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The Banks of the Douro: Or, the Maid of Portugal, a Tale; Vol. I
No preview available - 2017
acquainted added affection Amelrosa appearance arrived asked assured attached attended attention beautiful behold cause child circumstance concluded conduct continued conversation convinced countenance daughter dear desired door Elmira engaged entered event expected expressed extremely eyes father fearful feelings felt followed formed fortune frequently gave give gone hand happy hear heard heart Heartwell hope hour immediately knew lady Lady Archdale late leave letter likewise live look Lord Conrade Lord Ross Lord Rossmore lordship Lucy manner married mentioned mind Minette mistress Montague morning mother never nurse occasion passed person pleased pleasure possessed possible present procured quit received reflections regard remain replied requested resided respecting saying seemed seen sent servant situation soon sorrow speak Stanhope suffered taken tears thing thought till tion took town unfortunate walked wished woman young
Page 202 - FIdele's grassy tomb, Soft maids and village hinds shall bring Each opening sweet, of earliest bloom, And rifle all the breathing spring. No wailing ghost shall dare appear To vex with shrieks this quiet grove; But shepherd lads assemble here, And melting virgins own their love. No wither'd witch shall here be seen, No goblins lead their nightly crew : The female fays shall haunt the green, And dress thy grave with pearly dew.
Page 33 - And bade to form her infant mind. Stern rugged nurse, thy rigid lore With patience many a year she bore : What sorrow was, thou bad'st her know, And from her own she learn'd to melt at others
Page 94 - Of new and appropriate metaphors, expressed with a happy felicity of style, the following may serve as a specimen : Once I was happy • Clear and serene my life's calm current ran While scarce a breezy wish provok'd its tide ; Down the smooth flood the tuneful passions fell In easy lapse, and slumber'd as they pass'd. From this it may be concluded that they were somnambulists, for their progressive motion was not hindered by sleep. One more instance and I have done. Matilda informs her train, that...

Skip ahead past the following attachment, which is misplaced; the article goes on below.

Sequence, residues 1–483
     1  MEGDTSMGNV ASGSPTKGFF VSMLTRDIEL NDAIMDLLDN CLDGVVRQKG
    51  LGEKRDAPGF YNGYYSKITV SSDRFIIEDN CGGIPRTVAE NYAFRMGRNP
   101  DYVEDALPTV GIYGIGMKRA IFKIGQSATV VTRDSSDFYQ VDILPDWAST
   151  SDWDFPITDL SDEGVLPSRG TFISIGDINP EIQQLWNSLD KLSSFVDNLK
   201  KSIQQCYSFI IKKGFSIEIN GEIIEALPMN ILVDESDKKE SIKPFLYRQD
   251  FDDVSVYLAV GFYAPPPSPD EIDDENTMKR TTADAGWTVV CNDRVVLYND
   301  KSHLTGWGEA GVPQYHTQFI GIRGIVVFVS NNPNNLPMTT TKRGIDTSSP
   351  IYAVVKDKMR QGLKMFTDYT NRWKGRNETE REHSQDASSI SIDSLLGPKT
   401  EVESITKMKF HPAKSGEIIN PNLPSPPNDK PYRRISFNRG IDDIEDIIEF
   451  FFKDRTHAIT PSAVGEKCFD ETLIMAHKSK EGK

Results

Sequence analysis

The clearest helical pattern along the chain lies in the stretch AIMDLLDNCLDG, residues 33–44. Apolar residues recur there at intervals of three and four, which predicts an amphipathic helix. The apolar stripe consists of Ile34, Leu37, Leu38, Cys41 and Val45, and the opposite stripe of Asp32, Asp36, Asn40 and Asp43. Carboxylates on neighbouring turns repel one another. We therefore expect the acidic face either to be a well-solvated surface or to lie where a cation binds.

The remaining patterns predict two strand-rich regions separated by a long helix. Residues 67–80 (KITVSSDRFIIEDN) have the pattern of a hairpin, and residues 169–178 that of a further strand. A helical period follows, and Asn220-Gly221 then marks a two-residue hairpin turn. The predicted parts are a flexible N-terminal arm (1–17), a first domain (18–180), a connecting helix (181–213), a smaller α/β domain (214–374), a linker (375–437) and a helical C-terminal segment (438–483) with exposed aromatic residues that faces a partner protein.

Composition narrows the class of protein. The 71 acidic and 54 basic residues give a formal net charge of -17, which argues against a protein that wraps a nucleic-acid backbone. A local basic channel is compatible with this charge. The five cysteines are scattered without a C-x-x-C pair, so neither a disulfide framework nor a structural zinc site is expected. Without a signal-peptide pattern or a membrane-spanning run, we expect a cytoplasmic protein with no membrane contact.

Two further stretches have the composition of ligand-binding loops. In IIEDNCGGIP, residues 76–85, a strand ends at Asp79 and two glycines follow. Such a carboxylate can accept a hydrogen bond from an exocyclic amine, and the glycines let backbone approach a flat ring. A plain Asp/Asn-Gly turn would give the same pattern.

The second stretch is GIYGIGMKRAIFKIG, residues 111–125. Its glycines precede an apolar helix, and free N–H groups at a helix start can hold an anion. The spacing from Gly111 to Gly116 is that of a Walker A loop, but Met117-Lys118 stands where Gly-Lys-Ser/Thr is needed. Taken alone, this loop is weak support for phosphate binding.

Page 57 - Dark tempest scowling o'er the shorten'd day, And hears, with ear appall'd, the impetuous surge Beneath him thunder! — So, with heart opprest, Alone, reluctant, desolate, and slow, By friendship's cheering radiance now unblest, Along life's rudest path I seem to go; Nor see where yet the anxious heart may rest, That trembling at the past — recoils from future woe!
Page 227 - To deck the ground where thou art laid. When howling winds, and beating rain, In tempests shake the sylvan cell: Or midst the chace on ev'ry plain, The tender thought on thee shall dwell.
Page 327 - Declining, hide their beauty from the sun, Nor give their spotted bosoms to the gaze Of hasty passenger. On hedge banks the wild germander of a fine azure blue is conspicuous, and the whole surface of meadows is often covered by the yellow crowfoot.
Page 305 - Must I, an exiled outcast, have A father's curse, a mother's tears ? And leave an aged sire to weep His faithless maid of Donalblayne ? " And wilt thou love me, gentle youth, When these few charms for aye are flown 1 " — " Sweet maid, this heart with love and truth Shall ever beat for thee alone." No footstep stirred, the winds were hushed, Each eye was closed in balmy rest ; To Marion's arms Lord Malcolm rushed, And clasped the trembler to his breast. The vessel swept the dimpled tide, And bounded...